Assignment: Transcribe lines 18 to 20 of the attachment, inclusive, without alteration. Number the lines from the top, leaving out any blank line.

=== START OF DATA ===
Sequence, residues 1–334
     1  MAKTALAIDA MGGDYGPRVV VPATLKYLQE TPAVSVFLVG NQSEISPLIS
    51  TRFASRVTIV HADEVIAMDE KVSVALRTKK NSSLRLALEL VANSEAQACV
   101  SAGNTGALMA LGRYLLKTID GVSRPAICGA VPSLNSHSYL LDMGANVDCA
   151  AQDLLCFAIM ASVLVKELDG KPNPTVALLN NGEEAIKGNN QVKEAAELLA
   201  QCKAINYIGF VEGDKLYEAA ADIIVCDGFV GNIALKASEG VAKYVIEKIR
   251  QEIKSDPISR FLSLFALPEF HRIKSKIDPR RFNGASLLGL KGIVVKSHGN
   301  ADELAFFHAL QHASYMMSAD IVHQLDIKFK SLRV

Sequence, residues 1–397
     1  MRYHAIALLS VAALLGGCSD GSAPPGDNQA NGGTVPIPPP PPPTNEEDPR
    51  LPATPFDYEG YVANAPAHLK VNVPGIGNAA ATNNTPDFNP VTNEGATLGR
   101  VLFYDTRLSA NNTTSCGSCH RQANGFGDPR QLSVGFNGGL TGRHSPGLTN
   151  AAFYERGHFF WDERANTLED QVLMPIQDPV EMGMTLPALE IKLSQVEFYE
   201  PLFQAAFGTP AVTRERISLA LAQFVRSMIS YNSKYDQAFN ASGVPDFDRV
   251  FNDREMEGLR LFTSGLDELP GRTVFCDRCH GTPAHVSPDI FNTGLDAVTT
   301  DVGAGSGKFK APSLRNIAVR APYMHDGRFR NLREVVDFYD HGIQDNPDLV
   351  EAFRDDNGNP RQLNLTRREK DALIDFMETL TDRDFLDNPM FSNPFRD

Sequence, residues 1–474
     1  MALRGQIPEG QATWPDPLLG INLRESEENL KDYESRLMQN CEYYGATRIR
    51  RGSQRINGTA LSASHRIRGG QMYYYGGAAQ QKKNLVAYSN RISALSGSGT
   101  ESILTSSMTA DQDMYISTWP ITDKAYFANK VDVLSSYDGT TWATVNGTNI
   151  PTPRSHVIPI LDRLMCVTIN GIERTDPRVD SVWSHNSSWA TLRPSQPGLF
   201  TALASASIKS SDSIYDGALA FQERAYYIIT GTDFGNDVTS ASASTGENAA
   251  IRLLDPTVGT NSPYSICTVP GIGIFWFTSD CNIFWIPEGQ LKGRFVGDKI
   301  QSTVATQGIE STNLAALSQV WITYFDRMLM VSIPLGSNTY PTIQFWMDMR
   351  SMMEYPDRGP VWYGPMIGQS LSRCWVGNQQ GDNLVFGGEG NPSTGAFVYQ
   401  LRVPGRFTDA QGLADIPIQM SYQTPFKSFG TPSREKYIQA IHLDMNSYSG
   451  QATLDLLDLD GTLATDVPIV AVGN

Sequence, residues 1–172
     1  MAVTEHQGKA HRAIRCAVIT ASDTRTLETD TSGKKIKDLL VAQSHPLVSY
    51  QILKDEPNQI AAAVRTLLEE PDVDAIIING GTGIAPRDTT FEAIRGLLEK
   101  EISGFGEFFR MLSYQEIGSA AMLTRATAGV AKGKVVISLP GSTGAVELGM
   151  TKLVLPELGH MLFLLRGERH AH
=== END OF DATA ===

Sequence, residues 1–474
     1  MALRGQIPEG QATWPDPLLG INLRESEENL KDYESRLMQN CEYYGATRIR
    51  RGSQRINGTA LSASHRIRGG QMYYYGGAAQ QKKNLVAYSN RISALSGSGT